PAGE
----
Estee Lauder Sensuous: It’s Just Not That Into Me

sensuousel

It is a fact, universally acknowledged, that I cannot walk past the Estee Lauder counter without pressing a nozzle of some sort.  Today that nozzle was Estee Lauder Sensuous and let’s just say there was no chemistry  during our  first meeting. Sensuous left me within moments of our first introductions without a backward glance.  I don’t think there’s going to be a second date.

There is no rhyme or reason as to why some perfumes are anosmic to some and not others.  Cartier Delices de Cartier was one memorable example ( or should that be unmemorable?).  I sprayed and sprayed and practically used up a whole sample before realising I couldn’t smell it at all.  Luckily, with Estee Lauder Sensuous I judiciously sprayed my sleeve so I can vaguely recall what it smelled like and can report back.

It reminded me a little of Guerlain Shalimar Parfum Initial in that it is a powdery floral with a smoothing hint of vanilla/honey round the edges. It’s very close to skin (that’s an understatement) and disappeared within about three minutes.  Now, I know this is just me as it wouldn’t have been a steady seller since its 2008 launch if it were anosmic on everyone.

The strongest notes I can smell are still very faint and they are sandalwood, honey and magnolia.  If it was stronger I think I would actually like it, and by stronger, I mean noticeable without trying to inhale my entire arm in one snort just to catch a passing zephyr of it.  It’s  reasonably priced however, possibly one of the cheapest Estee Lauders in fact, so if it hangs around you’ve got yourself a  bargain.

My overall verdict? We could have been good together if you’d stuck around to get to know me. Mystifying.

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10 Comments

  1. Oooh, how interesting! I remember trying and rather liking Sensuous when it came out. It was in a little clutch of woody fragrances, which I rejoiced about at the time. I think Lancome released Magnifique at the same time and that was a woody rose, while Sensuous was a woody ambery musky kind of thing and I can’t remember what else came out then (oh – was Liz Hurley advertising something?) (and I’m too lazy to search Basenotes, sorry). I haven’t ever bought a bottle because there are so many other things I’d rather spend my pennies on, but I recall it being rather pleasant and definitely much nicer than most things on the market at the time. I wasn’t over-keen on the purple flanker though.

    • Hello dear Wordbird, I too dislike the purple flanker. It’s sad that this is a woody ambery musk sort of thing as that sounds right up my street, but I only caught a vague willo the wisp, then silence. Bah!

  2. Sensuous doesn’t have anything like the strength of many of the classic Lauders but it’s not shy either, so yes, you must be anosmic. I invested in a small bottle because I liked its lack of overt floral notes and I thought it would do as a ‘wear anywhere any time’ fragrance. In fact I don’t wear it much. It goes through a phase of about half an hour where it smells synthetic on my skin. And to me, it lacks character. I’m not sure what it is that makes the difference between a subtle, graceful fragrance and a boring one – everyone would answer that question differently – but for me Sensuous falls just on the boring side of the line.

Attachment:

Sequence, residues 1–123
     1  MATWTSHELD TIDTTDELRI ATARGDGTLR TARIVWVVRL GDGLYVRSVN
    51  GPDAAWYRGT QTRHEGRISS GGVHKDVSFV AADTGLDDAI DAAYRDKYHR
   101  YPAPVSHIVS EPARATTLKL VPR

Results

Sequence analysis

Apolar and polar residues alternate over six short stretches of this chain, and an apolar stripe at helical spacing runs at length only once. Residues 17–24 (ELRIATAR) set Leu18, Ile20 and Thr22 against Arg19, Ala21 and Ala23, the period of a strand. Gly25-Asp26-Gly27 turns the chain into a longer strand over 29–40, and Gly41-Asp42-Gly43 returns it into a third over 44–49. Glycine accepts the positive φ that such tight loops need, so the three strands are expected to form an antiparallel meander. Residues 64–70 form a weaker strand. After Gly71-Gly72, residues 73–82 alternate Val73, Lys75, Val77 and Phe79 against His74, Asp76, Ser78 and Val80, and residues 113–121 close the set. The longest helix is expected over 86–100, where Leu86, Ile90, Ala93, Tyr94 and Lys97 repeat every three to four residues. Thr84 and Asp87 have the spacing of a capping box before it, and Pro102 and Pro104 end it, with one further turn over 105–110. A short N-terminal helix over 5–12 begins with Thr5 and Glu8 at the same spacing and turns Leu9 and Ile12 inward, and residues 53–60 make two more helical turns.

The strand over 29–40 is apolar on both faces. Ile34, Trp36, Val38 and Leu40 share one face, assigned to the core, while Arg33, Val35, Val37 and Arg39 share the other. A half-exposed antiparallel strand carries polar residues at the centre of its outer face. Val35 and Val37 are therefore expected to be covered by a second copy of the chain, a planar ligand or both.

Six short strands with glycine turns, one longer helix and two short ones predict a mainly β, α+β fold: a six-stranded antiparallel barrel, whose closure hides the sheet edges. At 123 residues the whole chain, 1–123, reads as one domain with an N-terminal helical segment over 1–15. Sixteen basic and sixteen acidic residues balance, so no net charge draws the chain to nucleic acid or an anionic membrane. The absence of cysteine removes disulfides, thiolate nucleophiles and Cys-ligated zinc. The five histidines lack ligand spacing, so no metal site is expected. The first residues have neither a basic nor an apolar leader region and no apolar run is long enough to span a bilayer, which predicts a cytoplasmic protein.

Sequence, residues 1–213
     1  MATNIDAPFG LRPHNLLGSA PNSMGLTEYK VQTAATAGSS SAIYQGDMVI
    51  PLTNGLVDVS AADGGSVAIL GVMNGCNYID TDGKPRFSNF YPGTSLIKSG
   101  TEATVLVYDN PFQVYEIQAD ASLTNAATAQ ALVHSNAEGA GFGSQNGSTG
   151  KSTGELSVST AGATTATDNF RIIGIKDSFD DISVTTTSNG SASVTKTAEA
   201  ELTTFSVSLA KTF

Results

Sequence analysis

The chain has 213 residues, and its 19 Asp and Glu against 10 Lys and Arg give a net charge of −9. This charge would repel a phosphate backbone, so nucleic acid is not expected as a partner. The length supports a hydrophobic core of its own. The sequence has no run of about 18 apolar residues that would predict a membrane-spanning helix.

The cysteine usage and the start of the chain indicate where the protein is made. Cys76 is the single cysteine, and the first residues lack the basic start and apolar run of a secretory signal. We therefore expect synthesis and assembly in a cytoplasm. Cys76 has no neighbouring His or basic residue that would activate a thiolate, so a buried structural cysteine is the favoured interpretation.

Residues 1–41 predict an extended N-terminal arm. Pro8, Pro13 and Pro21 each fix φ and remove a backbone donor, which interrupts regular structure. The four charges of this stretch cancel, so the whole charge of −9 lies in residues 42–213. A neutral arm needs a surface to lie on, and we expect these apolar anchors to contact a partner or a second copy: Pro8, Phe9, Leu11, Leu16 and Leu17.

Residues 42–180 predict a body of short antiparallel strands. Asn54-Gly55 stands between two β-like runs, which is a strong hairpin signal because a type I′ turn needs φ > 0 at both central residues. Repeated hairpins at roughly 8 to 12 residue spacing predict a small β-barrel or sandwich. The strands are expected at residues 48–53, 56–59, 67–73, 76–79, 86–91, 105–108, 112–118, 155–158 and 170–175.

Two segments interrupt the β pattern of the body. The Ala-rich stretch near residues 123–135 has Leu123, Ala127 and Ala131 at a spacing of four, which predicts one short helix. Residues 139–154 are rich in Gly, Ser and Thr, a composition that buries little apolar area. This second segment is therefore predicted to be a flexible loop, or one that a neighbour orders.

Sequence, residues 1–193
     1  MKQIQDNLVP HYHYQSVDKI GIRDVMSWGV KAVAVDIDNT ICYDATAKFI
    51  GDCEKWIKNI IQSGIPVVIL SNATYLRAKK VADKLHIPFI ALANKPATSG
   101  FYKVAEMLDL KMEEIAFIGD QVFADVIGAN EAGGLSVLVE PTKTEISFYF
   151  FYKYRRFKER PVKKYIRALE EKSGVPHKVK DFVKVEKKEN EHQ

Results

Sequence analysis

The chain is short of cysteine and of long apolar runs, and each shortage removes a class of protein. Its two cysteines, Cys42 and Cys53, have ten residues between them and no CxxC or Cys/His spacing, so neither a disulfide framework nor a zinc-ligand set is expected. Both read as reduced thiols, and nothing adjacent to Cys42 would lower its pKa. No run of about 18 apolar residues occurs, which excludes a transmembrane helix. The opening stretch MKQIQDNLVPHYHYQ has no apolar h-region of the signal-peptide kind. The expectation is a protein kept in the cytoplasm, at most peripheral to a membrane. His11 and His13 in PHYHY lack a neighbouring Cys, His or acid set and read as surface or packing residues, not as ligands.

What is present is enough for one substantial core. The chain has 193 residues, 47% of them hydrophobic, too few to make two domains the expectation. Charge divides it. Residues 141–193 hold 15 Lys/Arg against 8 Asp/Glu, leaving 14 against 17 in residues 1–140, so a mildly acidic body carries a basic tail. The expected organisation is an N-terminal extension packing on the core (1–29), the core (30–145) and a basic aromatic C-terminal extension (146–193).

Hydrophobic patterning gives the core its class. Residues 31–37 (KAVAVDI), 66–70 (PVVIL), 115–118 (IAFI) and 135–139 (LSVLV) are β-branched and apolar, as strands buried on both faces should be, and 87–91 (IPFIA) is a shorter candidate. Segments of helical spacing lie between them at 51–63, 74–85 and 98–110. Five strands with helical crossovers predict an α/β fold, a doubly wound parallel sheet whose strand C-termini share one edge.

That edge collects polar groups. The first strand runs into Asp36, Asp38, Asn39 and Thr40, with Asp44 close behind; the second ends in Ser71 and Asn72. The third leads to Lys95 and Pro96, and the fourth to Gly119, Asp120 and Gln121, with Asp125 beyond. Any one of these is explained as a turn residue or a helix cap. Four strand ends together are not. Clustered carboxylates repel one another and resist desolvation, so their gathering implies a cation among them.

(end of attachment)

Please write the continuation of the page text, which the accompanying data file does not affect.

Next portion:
• Hi AnneMarie- yes! boring is the word I was looking for! Thank you! I caught a wisp, then it was gone and in the split second I caught it on skin and sleeve, I thought “meh, nothing to see here, move along.” You are so right.

  3. I had a bottle of this, but swapped it away in the end. I had had no problems with longevity, but it was just not wowing me. I actually much prefer the Noir version, of which I don’t even possess a sample, sadly.

    • Hi Vanessa, always lovely to hear from you! I guess it’s one of those perfumes that’s sort of “beige” ( not to confused with the Chanel Beige).

      Like many fumeheads ( I include you in that my friend), I can’t give house room to beige when there are urgent must-haves to be had!

      best wishes
      Samantha

  4. Great headline! It gave me a good laugh on a trying day.

    I know the annoyance of anosmia too well. The most recent perfume that disappeared in minutes on me was Coty Wild Musk. I should say, “disappeared to me, ” because I did a test: I asked other people if they could smell it. My mother got nothing; my father said it was fairly strong; my uncle said, “That’s a good one!” Another reason to dislike wispy, short-lived ‘fumes: you might never know which ones are actually choking at least half of the room.

    • Hi Laurels, it’s all part of the service, you’re welcome :-)
      I think you’re right about anosmia. It can strike at any time and is totally bewildering. I had the same thing with Carter Delices de Cartier yet on Fragrantica reviewers were raving about its 12 hour longevity and knockout cherries.

      I remember Coty Wild Musk in those little dark bottle. My mum wore it for years.

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